November 26, 2014

David And Goliath: Tips to Create Competitive Content

competitive contentAs a small business, you may feel like you are fighting an uphill battle with your big-shot competition. Your website and blog may seem diminutive and ineffective for pulling sales compared to your big-named competitors.

You’ve heard that “content is king” and that every business should have a blog and top-of-the-line website content. But how do you compete when you have less manpower, resources, and dollars backing you up?

Fortunately, there are ways to rise and conquer with the heavy hitting competitors in your niche. Here are five tips:

Take Advantage of Your Lack of Barriers

No matter what industry you are in, the case is the same. The bigger the organization, the more approvals are needed – especially in highly regulated industries like healthcare, education, and insurance. It can take up to a month to “route” a blog post, article, or web page in some organizations. Use this to your advantage as a small business “blogger”. Your blog posts can be more frequent and more timely when your lead time is so short.

Whether you are tying your blog post to a current event or are going for a high frequency of posting, the lack of barriers is a huge advantage you have over bigger competitors.

Take a Stance

This January at BlogWorld Conference, travel blogger Gary Arndt said it best in his session titled “How to Compete Against Billion Dollar Media Empires and Win Engagement and Traffic.” He noted:

“If you want to get heard, share your personality.”

People online want to relate to other people, not other brands, so don’t be afraid to hide your voice – humor, personality, opinion – in your small business’ blog posts. Find a way to let your personality show while also highlighting your business expertise.

Falter on the side of controversial, edgy, and direct, and you will lead potential customers through an open funnel conversion.

Engage, Engage, Engage

Comment on blog posts and utilize social media channels to connect directly with potential and current customers, brand evangelists, and industry leaders.

Create a plan for “getting heard” that includes promotion of your content on various social media networks like Twitter, Facebook, Pinterest, Google+, and LinkedIn.

Ride on Someone Else’s Coat Tails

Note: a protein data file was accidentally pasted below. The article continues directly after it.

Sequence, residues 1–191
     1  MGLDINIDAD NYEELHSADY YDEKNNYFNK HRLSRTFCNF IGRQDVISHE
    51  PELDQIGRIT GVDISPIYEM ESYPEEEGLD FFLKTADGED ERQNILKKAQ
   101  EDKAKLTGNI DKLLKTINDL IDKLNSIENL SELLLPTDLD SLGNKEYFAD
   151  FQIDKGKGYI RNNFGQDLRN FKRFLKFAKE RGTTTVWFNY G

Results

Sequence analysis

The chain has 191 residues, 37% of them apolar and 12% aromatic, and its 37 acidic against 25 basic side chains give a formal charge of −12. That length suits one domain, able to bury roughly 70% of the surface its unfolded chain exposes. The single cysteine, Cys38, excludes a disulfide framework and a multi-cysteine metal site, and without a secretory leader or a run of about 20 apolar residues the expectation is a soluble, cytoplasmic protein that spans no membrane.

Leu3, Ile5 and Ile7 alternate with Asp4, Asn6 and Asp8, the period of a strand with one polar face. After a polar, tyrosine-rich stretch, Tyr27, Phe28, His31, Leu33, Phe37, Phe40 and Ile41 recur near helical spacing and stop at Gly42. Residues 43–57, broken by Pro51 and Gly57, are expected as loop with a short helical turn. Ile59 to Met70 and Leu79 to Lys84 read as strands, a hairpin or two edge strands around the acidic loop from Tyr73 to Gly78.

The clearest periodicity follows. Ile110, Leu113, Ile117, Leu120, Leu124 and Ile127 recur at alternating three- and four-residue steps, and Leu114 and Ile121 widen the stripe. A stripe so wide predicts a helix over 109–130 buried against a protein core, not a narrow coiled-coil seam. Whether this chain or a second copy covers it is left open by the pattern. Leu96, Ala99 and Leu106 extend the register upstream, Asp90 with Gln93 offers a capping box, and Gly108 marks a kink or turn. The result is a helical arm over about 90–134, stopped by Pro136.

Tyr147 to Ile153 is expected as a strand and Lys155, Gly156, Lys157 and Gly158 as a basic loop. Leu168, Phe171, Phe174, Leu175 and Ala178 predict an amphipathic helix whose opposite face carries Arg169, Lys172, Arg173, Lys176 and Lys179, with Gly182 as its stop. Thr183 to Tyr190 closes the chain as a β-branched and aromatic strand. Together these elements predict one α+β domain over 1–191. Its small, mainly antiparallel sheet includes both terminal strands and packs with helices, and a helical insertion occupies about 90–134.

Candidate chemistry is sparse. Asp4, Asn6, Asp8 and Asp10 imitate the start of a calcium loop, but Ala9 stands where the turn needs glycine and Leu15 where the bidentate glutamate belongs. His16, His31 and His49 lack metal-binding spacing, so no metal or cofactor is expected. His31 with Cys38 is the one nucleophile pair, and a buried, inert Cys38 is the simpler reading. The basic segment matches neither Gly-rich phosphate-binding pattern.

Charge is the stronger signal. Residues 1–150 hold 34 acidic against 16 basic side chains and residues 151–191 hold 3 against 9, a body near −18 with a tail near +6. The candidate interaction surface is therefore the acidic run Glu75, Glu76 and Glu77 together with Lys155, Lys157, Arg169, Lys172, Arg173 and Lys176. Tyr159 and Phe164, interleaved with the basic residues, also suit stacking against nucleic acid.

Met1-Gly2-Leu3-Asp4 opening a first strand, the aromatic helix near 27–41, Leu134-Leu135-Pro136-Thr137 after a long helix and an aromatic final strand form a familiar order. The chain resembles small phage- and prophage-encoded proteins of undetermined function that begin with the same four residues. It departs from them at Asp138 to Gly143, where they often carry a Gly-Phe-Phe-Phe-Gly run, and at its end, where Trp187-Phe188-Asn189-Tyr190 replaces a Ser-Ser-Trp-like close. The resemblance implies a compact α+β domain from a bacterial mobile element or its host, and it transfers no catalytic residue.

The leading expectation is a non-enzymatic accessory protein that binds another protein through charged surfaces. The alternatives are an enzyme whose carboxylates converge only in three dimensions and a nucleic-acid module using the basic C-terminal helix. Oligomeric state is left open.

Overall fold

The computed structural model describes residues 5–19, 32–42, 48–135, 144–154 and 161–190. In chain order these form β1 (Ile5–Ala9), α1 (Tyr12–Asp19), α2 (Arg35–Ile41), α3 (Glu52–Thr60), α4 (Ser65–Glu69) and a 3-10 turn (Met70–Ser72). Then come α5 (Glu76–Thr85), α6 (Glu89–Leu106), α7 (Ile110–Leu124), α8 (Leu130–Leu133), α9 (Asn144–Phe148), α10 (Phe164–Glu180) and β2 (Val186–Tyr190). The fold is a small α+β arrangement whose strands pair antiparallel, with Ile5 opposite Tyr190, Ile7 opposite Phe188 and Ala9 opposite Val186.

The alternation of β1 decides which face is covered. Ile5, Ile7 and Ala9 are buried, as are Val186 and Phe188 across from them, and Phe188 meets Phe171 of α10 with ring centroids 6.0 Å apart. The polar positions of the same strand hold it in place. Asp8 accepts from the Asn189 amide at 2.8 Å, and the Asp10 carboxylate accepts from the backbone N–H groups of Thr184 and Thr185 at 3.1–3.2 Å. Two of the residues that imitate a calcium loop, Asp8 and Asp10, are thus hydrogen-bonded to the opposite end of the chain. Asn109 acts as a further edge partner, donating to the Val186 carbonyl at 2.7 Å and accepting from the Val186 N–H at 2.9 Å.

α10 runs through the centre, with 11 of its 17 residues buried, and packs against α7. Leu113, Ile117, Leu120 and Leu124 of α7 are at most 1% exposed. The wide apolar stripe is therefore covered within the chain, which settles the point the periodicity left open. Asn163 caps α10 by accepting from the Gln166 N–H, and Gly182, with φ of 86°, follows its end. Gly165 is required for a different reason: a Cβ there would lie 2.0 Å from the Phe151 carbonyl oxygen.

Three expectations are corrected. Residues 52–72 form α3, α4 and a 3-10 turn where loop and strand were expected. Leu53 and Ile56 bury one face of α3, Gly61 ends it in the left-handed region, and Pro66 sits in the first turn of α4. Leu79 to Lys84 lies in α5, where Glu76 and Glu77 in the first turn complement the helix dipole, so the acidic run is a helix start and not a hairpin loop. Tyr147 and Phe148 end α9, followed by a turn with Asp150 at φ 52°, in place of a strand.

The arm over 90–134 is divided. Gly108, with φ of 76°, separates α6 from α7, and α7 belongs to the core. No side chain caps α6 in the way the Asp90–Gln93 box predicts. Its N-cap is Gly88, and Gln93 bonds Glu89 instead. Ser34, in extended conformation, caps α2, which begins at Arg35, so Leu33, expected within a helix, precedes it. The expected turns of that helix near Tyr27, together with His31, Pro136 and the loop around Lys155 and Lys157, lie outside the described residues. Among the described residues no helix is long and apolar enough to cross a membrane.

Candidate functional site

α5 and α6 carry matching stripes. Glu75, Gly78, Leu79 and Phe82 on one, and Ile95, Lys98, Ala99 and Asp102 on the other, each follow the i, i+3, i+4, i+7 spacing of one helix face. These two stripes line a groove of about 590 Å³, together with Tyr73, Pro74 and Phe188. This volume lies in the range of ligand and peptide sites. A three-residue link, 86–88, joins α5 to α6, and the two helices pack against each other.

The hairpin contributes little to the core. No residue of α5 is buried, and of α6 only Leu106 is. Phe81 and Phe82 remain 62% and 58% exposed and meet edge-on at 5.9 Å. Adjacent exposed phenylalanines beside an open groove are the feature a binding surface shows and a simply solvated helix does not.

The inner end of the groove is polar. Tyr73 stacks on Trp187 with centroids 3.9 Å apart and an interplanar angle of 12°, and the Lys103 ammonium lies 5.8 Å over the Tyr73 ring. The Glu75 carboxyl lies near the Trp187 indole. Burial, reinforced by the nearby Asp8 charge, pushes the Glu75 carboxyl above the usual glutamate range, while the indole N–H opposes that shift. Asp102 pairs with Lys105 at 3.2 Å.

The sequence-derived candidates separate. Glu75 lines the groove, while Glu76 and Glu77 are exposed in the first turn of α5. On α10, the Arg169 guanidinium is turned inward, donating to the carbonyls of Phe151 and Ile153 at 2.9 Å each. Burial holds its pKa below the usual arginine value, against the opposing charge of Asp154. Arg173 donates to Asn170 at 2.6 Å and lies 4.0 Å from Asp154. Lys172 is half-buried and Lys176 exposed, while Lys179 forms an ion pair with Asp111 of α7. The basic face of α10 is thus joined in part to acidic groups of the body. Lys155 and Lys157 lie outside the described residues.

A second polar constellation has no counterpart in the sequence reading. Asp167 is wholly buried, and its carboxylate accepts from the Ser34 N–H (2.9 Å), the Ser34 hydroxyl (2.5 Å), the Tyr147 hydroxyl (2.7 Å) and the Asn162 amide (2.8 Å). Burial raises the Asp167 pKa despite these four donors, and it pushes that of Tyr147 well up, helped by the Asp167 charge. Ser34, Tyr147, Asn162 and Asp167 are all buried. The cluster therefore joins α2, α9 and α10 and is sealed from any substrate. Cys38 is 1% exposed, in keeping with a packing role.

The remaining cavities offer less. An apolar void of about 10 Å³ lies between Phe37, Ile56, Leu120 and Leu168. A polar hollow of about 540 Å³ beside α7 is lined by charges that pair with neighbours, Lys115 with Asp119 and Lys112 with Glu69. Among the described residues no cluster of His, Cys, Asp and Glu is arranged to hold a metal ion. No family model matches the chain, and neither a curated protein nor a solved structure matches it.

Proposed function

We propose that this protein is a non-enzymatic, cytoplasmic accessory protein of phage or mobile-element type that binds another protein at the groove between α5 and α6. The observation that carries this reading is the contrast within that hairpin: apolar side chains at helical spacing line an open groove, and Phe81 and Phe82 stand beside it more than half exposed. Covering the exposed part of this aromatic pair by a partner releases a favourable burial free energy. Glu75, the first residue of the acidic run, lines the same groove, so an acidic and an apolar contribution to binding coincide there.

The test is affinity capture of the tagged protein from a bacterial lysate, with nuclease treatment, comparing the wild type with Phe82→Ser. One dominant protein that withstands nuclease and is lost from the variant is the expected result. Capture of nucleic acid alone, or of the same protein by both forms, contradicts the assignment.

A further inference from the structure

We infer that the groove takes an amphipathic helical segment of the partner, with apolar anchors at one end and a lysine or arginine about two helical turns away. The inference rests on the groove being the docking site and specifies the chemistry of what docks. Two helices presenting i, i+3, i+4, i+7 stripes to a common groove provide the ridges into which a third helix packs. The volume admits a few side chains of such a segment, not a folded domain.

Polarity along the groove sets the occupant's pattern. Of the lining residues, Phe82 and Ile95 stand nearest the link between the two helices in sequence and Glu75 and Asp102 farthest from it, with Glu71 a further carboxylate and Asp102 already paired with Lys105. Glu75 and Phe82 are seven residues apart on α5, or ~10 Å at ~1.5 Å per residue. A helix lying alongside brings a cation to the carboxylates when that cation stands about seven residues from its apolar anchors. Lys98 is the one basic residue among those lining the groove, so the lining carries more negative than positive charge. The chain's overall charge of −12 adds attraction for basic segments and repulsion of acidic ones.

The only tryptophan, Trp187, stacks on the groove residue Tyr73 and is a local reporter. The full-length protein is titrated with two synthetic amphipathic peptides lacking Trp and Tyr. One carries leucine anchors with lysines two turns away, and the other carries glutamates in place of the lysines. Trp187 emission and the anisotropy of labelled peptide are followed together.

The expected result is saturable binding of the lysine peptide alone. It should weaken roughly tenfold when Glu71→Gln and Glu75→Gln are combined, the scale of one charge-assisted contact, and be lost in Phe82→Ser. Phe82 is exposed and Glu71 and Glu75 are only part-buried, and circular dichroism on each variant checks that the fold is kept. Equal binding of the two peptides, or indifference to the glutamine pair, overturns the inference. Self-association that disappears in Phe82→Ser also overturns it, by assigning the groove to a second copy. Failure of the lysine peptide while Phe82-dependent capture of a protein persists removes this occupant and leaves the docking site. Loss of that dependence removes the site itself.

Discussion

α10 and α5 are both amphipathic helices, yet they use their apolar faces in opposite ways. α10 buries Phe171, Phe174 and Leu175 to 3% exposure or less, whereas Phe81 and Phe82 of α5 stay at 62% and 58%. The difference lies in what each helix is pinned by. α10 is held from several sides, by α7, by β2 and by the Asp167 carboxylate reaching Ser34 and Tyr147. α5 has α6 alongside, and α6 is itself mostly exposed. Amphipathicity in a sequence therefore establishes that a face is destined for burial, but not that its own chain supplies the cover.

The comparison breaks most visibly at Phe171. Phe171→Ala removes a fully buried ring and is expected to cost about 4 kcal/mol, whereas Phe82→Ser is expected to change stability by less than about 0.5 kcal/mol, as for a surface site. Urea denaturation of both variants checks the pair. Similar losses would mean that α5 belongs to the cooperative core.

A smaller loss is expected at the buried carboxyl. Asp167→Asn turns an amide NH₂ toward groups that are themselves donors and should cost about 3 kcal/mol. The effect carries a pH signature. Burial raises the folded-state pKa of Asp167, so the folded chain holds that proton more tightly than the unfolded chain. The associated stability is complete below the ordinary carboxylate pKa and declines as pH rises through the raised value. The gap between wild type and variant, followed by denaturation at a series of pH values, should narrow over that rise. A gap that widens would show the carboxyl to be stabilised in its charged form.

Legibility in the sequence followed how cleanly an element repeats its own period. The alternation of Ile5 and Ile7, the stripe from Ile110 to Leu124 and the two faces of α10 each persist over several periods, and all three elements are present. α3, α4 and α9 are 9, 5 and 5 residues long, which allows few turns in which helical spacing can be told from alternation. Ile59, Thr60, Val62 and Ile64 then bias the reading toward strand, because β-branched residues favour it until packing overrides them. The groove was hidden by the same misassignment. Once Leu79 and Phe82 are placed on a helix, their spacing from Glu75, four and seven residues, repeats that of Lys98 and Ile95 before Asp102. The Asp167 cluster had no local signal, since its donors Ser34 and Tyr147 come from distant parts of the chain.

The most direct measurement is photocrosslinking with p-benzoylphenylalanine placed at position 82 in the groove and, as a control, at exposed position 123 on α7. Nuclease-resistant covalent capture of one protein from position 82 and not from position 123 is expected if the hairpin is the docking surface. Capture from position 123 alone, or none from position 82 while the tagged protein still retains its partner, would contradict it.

Guest blogging is an amazing way to project yourself as an expert in your field. Most publications these days offer guest posting opportunities – like Huffington Post and Forbes.

Well known Associate Editor of Copyblogger, Jon Morrow, suggests to use this method to leverage your reach, authority, and visibility.

Get creative

Repurpose FAQs, conduct interviews with happy customers, report on a recent industry news, create a how-to guide, hold a contest, write about a recent company event or create an infographic.

There are a million ways to get ideas for blog posts. Utilize the abundant online marketing and blogging resources on the Internet by doing simple keyword searches on queries like:

“blogging ideas” or “how to generate blog ideas”

You are not alone: There are multiple resources available to you to dominate your content marketing efforts.

Whether you bring on a third party (digital agency, content marketing firm, freelance blogger) or read up on maximizing your content marketing.

7 Comments ▼

Allie Gray Freeland


Allie Gray Freeland Allie Gray Freeland is the Public Relations Director at iAcquire, a NYC and Phoenix-based digital marketing agency. Allie brings nearly 10 years of experience in marketing communications and marketing strategy.

7 Reactions

  1. Love the blogging ideas! Thanks for the extra push–sometimes that blank screen is so intimidating :-)
    ~2

  2. Repurposing FAQs is something that I haven’t thought before. Thanks Allie!

  3. Nice ideas, well stated.

    A small company can be a LOT more responsive to customer needs as well as more impactful. The big ones often put their newest people to work on their smaller accounts — been there, done that — so your customer base is often the small and mid-sized companies when your decision maker is not intent on bragging about the Big Time Consulting Firm that he or she has hired to help them.

    The challenge is not trying to be all things to all prospects. I have been in the business as Performance Management Company since 1984 and went through that stage of spending 1/2 of my time marketing, 1/2 of my time developing products and customizing, and 1/2 of my time actually delivering and making money. You cannot sustain that for long.

    YEARS ago, I wrote up a paper called, Working Home, Selling Globally” about some ideas around business development. Most of those ideas are still good and you can see a blog post containing the download file at http://performancemanagementcompanyblog.com/2012/08/10/working-home-selling-globally/

    Have fun out there.

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